Kean K. McDonald, Philadelphia, for appellant.
Max Meshon, Philadelphia, for Margaret Hebner, appellee.
Charles W. Craven, Philadelphia, for Falcon Steel Co., appellee.
Hester, Hoffman and Catania,*fn* JJ.
[ 276 Pa. Super. Page 343]
Appellant Turner Construction Company brings this appeal from an Order of the lower court sustaining appellee Hebner's preliminary objections to Turner's Answer and New Matter. The pivotal question is whether, in a trespass action, an employer may waive the defense of the Workmen's Compensation Act by failing to timely plead. We agree with the court below that in the circumstances herein the defense was waived and will therefore affirm.
On July 3, 1972, appellee's decedent Clifford Oliver Hebner was killed while in the employ of DIC Concrete Corporation (DIC) at a construction site in Philadelphia. Suit was instituted by his widow on May 7, 1973 in the Court of Common Pleas, Philadelphia County, against Turner as "a contractor" and appellee Falcon Steel as "a sub-contractor" responsible for Hebner's death. It was alleged that the deceased was in the employ of DIC at the time of the accident, but there was no allegation that DIC itself was a sub-contractor or that any of the other defendants were general contractors over DIC.
Counsel for Turner entered an appearance and three years passed during which the parties exchanged interrogatories and took depositions. On May 25, 1976, Turner attempted to join DIC and another sub-contractor as additional defendants. On motion, the trial court struck Turner's complaint against the additional defendants because of untimeliness. See Pa.R.C.P. 2253.
[ 276 Pa. Super. Page 344]
Thereafter, on January 7, 1977, Turner filed an Answer and New Matter alleging for the first time that it was the statutory employer of the decedent and thus the Workmen's Compensation Act provided a bar to the suit in trespass. Appellee Hebner then filed preliminary objections in the form of a motion to strike off the Answer and New Matter averring that the pleading was untimely, did not conform to rules of court, and that appellee would be prejudiced if the late filing were allowed. The court sustained the preliminary objections and denied Turner's motion for reconsideration. This Court allowed an interlocutory appeal by Turner by order dated August 1, 1977. See, Pa.R.App.P. 1301 et seq.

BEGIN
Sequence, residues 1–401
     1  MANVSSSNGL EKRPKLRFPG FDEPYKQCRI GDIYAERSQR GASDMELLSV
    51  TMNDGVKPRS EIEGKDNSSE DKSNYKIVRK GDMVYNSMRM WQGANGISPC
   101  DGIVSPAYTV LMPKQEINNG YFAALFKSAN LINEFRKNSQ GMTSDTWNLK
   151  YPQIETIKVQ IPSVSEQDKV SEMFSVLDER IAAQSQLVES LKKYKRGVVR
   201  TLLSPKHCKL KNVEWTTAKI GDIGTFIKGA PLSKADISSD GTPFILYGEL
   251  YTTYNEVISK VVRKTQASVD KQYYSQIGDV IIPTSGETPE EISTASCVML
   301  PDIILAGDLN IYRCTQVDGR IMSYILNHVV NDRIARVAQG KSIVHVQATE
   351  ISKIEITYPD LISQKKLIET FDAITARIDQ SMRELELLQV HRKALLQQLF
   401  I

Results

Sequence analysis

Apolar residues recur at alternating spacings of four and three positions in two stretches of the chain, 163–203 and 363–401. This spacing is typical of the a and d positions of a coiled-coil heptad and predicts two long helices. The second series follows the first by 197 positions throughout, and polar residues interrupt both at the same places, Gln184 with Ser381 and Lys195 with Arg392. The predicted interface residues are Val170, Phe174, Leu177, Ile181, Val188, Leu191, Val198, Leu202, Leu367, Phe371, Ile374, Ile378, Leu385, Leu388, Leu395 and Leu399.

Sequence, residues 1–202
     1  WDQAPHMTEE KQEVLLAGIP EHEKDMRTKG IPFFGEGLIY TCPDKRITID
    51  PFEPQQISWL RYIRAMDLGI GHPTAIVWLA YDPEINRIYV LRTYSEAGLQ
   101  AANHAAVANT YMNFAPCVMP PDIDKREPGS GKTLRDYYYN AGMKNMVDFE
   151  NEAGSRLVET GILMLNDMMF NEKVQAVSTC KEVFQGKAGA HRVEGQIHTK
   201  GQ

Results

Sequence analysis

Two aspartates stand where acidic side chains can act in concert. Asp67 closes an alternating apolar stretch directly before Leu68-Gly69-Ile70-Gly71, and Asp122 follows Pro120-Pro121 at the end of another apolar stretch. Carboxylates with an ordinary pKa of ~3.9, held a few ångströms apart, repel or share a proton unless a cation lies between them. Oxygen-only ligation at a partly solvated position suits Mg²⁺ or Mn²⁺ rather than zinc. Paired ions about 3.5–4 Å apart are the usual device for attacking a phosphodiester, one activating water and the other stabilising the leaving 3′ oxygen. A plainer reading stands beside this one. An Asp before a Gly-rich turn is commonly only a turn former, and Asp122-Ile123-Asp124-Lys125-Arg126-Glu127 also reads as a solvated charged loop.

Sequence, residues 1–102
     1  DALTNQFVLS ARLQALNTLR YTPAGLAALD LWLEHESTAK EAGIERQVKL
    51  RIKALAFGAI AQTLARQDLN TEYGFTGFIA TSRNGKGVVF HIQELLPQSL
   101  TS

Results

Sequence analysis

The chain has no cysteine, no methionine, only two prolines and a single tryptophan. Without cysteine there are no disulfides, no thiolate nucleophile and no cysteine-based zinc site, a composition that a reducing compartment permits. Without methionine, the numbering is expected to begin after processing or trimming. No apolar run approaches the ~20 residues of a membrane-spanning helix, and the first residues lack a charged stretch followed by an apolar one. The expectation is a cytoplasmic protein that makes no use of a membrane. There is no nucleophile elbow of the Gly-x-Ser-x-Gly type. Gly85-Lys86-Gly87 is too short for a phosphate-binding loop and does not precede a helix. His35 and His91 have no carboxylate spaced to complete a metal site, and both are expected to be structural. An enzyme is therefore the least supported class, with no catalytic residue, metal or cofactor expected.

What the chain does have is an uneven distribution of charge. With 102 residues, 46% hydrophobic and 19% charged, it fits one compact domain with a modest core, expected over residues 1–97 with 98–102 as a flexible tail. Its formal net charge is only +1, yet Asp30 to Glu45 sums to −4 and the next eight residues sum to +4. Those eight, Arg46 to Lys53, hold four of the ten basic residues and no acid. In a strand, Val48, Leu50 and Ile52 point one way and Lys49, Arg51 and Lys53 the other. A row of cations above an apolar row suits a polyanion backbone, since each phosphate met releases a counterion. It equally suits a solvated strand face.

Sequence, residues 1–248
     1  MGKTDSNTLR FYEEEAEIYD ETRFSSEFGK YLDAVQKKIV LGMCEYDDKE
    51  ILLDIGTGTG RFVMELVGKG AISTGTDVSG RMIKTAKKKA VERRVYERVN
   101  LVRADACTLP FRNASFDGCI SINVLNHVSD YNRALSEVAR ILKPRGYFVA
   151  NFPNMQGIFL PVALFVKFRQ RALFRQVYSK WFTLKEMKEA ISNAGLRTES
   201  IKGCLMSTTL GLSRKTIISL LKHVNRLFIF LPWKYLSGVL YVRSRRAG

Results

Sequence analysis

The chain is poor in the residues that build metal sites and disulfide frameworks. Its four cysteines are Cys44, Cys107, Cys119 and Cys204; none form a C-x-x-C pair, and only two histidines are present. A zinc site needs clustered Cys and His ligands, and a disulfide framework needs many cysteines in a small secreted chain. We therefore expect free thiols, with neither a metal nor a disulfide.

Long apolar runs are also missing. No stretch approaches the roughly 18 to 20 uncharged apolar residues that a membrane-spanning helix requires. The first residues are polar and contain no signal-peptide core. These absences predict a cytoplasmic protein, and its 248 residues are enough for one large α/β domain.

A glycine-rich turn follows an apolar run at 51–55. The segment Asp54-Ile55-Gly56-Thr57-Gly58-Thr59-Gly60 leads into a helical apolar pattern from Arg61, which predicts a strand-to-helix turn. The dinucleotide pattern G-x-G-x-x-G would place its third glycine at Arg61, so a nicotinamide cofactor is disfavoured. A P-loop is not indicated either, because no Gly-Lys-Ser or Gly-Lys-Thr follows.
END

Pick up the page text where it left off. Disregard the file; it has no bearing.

The Workmen's Compensation Act, Act of June 2, 1915, P.L. 736, § 101 et seq., as amended, (77 P.S. § 1 et seq.) is, of course, remedial legislation designed to afford a workman a measure of protection against injuries and relief in cases of accident apart from the common law of trespass and negligence. "By virtue of the . . . Act, an employee's common law right to damages for injuries suffered in the course of his employment as a result of his employer's negligence is completely surrendered in exchange for the exclusive statutory right of the employee to compensation for all such injuries, regardless of negligence, and the employer's liability as a tortfeasor under the law of negligence for injuries to his employee is abrogated." Socha v. Metz, 385 Pa. 632, 637, 123 A.2d 837, 839-40 (1956); Swartz v. Conradis, 298 Pa. 343, 148 A. 529 (1929); Atkins v. Urban Redevelopment Auth., 263 Pa. Super. 37, 396 A.2d 1364 (1979); 77 P.S. § 481; Skinner, Pa. Workmen's Comp. Law, p. 15. The "statutory employer" provision, § 302(b) (77 P.S. § 462) extends liability under the Act to any "employer who permits the entry upon premises occupied by him or under his control of a laborer or an assistant hired by an employee or contractor, for the performance . . . of a part of such employer's regular business entrusted to that employee . . ." See, Stipanovich v. Westinghouse Electric Corp., 210 Pa. Super. 98, 231 A.2d 894 (1967). In its Answer and
[ 276 Pa. Super. Page 345]
New Matter, appellant Turner averred that it was a statutory employer of the deceased within § 302(b) and that its liability should be ...